Analysis: Angry Birds Epic is one of those games I enjoyed more than I expected to, but was still frustrated by the things I anticipated being frustrated by. Since there's no real story to speak of or any gameplay whatsoever beyond the the combat, the battles have to be engaging, and for the most part they are, if on a more casual tier than most games. Die-heard strategy RPG fans will likely find things still a bit too simple for their tastes, and the game is slow to showcase a lot of variety, so you wind up hacking through encounters that feel only slightly different from one another due to simple enemy combinations. Still, for a game that looks so cutesy thanks to its vibrant cartoon style, it can offer up some surprisingly challenging battles that makes careful planning from turn to turn a must. Each bird's abilities feel useful for different situations, allowing you to set up combinations that can help take the sting out of a powerful enemy's attacks. As you get more party members and equipment, figuring out how to use each class to support the other gets more rewarding and gives you more options to play around with during battle.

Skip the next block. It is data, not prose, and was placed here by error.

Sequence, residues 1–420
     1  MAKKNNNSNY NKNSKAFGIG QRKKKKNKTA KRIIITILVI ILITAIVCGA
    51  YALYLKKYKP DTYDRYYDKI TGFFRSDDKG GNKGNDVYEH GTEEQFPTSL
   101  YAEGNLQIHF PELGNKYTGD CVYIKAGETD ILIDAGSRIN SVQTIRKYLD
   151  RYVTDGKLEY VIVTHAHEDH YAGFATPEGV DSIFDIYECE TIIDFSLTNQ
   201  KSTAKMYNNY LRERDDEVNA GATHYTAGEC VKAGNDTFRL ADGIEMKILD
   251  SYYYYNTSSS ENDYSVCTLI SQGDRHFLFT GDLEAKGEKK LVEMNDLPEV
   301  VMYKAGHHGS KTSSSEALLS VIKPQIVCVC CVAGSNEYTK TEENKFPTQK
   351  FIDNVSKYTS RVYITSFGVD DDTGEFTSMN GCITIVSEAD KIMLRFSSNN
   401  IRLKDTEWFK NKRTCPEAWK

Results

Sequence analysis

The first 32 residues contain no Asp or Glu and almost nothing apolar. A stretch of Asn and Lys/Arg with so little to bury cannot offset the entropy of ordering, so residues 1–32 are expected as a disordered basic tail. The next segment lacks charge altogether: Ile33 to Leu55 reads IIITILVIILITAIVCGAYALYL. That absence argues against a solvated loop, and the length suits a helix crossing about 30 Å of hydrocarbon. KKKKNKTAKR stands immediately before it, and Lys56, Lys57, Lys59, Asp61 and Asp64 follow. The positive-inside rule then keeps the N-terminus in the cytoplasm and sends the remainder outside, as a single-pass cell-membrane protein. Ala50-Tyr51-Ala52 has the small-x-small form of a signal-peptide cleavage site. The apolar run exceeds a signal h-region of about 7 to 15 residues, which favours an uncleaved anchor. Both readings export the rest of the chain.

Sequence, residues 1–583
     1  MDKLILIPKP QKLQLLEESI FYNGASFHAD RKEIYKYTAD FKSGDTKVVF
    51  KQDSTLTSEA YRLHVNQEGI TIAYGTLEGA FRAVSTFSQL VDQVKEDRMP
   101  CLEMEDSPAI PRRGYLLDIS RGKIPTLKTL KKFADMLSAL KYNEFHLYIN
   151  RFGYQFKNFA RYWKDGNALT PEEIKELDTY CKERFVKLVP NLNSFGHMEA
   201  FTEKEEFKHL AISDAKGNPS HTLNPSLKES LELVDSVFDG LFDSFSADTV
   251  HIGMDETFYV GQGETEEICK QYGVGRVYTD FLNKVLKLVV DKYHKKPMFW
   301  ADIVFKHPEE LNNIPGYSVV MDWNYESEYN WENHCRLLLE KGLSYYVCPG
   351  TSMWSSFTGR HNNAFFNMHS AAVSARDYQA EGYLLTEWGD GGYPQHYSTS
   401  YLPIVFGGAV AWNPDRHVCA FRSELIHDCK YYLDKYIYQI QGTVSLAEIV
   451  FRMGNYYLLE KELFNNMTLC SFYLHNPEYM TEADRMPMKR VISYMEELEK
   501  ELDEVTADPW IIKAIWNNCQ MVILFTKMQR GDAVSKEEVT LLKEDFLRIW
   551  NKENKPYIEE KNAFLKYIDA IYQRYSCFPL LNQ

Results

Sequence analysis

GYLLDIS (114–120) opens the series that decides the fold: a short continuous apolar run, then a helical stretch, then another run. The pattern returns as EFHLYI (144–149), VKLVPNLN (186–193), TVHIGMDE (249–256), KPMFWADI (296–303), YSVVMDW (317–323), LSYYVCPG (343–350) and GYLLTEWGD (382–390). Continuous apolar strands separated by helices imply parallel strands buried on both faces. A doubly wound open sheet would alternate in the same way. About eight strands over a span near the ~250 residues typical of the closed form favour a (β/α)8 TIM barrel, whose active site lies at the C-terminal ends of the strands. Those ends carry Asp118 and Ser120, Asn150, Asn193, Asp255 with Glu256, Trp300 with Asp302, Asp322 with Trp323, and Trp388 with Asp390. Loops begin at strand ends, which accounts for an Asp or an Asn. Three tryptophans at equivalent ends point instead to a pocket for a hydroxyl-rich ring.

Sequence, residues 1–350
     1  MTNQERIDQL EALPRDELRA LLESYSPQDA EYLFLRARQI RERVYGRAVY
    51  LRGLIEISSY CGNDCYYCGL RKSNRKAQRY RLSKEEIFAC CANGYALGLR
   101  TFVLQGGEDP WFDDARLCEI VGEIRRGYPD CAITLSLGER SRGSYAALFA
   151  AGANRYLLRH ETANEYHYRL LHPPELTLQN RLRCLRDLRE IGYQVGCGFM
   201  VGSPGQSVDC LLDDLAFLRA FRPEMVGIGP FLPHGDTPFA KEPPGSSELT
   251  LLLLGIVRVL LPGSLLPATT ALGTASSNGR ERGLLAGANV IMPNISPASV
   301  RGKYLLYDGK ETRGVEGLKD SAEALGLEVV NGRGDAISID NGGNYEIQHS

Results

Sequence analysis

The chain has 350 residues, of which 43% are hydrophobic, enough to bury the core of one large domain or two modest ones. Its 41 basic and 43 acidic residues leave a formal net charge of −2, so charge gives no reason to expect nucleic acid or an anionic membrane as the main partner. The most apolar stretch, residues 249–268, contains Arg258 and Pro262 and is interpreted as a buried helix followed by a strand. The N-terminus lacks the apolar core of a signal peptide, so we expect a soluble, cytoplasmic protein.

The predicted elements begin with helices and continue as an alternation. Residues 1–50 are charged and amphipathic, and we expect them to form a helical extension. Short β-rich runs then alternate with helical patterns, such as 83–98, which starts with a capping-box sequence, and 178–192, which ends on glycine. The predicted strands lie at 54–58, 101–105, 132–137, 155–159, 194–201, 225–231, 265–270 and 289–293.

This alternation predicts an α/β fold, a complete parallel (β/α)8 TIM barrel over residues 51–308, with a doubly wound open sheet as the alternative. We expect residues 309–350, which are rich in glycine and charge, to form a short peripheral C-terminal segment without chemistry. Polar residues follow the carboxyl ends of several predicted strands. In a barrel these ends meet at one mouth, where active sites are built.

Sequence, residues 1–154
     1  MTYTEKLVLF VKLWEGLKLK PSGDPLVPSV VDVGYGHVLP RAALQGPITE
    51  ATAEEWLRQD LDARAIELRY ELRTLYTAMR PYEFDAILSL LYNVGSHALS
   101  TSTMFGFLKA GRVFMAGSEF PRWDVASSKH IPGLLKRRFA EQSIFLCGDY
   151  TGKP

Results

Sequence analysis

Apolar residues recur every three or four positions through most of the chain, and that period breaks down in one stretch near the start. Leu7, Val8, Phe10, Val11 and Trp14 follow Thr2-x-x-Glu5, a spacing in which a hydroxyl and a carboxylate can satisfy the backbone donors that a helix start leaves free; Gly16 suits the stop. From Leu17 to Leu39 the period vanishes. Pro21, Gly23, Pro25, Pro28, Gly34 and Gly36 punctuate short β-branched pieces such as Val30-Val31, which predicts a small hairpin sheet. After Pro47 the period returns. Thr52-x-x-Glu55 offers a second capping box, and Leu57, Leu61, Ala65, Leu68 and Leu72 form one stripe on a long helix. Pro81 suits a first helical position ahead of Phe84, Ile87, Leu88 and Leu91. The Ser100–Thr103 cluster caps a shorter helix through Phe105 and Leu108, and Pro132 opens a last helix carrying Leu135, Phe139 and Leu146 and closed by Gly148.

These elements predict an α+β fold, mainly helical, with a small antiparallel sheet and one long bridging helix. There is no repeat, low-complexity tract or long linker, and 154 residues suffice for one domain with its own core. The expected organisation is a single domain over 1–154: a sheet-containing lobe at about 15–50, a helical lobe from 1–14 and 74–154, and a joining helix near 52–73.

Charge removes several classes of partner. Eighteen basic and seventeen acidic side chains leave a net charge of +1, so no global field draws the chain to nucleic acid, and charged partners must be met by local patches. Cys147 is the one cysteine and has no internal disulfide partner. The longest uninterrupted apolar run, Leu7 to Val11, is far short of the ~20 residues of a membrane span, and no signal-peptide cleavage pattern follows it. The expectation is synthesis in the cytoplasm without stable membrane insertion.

At the same time, however, progression is just so very, very slow that it feels like the game is hampering itself. There are a lot of levels, sure, but as mentioned a lot of them feel similar, and the game as a result feels far more grindy than even an RPG should. Gold coins, snoutlings, and resources are dealt out slowly enough in small quantities that it seems as though the game is really leaning on you to spend money to speed things up, making this one of those games that desperately feels like it needed to be split into both paid and free versions. It's such a colourful, stunningly presented little game with casual gameplay that you might not mind paying a flat fee for it up front, but without that as an option, the microtransactions feel more obnoxious than reasonable when it comes to how often you may need to revive or even just re-roll for non-terrible equipment or loot. Couple that with the online-only restriction, which often seems glitchy since it repeatedly told me my tablet with dedicated wi-fi AND data had "lost connection", and Angry Birds Epic just isn't as easily addictive as it could and should be. There's nothing wrong with a strategy RPG with lower complexity since it opens the genre up to many more players who might otherwise pass it by, and there's a simple massive amount of gameplay here, with an extremely high quality presentation, to enjoy. If you can overlook its flaws, Angry Birds Epic has a ton of promise and offers a ton of levels that are just complex enough to engage almost any player, though some may find its restrictions and in-app purchase options too much to overlook.